Brooklyn Nets: The Why Behind The Marcus Thornton Deal

You knew Brooklyn Nets general manager Billy King would be aggressive as the NBA trade deadline approached.  Heck, with an open wallet in a league where teams are bit timid to spend big money ever since the new CBA was implemented, why not?  Brooklyn may be a team with the potential to give Indiana or Miami a serious scare in round two, but they are still a team with a ton of flaws.  They were able to plug a hole Wednesday afternoon in small but spectacular fashion when they agreed to send Reggie Evans and Jason Terry to Sacramento for Marcus Thornton.

The most impressive part of this trade was the fact that King was able to turn what was essentially the two least productive assets on this Brooklyn roster into a player with the potential that Thornton has.  Reggie Evans was a beast on the glass last season, but he’s always been a zero on the offensive end and a terrible defender.  This season has been his worst as a pro and he’d completely fallen out of Brooklyn’s rotation.  Jason Terry is a champion and a great locker room guy, but he’s 36 years old, shooting 36.2 percent from the floor and is on the books for $5.8 million next season.  Yeesh.

For the Nets, the acquisition of Thornton makes sense on a number of levels.  On the surface, he makes this roster younger and slightly more athletic while theoretically providing Brooklyn with some much needed scoring punch off the bench.  Now, Thornton has been atrocious this season.  He’s averaging just 8.1 points per game and shooting a career low 38.1 percent from the floor.  But he’s a month removed from a 42-point explosion against the Indiana Pacers and he’s still just 26 years old.  Sacramento isn’t exactly the most ideal NBA situation, either.  It’s possible a change of scenery, a new coach and a competitive situation could make a world of difference for a young, struggling player like Thornton and again, Brooklyn gave up two assets that weren’t contributing.  Worst case?  Thornton doesn’t perform and he gets buried on the bench.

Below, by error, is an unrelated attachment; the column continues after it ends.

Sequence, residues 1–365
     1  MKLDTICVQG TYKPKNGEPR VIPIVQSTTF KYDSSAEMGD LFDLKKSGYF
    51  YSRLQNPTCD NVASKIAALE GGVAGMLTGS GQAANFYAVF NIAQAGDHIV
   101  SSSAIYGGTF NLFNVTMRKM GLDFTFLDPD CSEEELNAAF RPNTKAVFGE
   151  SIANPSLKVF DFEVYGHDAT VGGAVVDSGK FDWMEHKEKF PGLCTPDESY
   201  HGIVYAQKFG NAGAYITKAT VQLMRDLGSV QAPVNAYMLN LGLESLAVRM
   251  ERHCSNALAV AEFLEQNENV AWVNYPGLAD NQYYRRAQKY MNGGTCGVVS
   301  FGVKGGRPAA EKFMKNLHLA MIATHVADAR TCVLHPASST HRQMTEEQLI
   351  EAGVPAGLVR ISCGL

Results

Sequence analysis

Even though Thornton is grossly overpaid, his contract is actually a perfect fit for the Nets.  With a year remaining on his deal after this one that’ll pay him $8.6 million, Brooklyn is able to maintain they’re cap flexibility in 2016 (Kevin Durant, anyone?).  Also, Thornton’s expiring deal could potentially become a valuable trade chip next deadline for a team looking to shed salary.  It was reported that Brooklyn was also in the market for Jarrett Jack, but financially this deal makes much more sense for the Nets because Jack would’ve essentially guaranteed repeater tax territory for the Nets, an area just about every team in the NBA is hellbent on avoiding due to the restrictions it will cause.

Brooklyn owner Mikhail Prokorhov and the Nets are all in.  After the Thornton deal, Brooklyn’s payroll is now $190 million.  They’ll pay a record $88 million in a luxury tax this season and the team still isn’t .500 yet (and that’s assuming they stand pat!  There’s still time!).  But you have to admire an owner willing to win at all costs and, maybe more importantly, players around the league are bound to take notice.  Who wouldn’t want to play on a team with an owner willing to pay any amount to win a championship?

In the end, Billy King and company are taking a low risk, high reward gamble on a 26-year-old who’s already proven he can be a big time scorer in this league.  Marcus Thornton won’t have to travel far, as he’ll likely make his Brooklyn debut on Saturday night in the Bay Area when the Nets take on the Warriors.  Does this trade put the Nets over the top?  Of course not.  But Brooklyn is better now than they were yesterday and they didn’t risk any of the few assets they had left to get here.

 

 

Topics: Brooklyn Nets, Marcus Thornton

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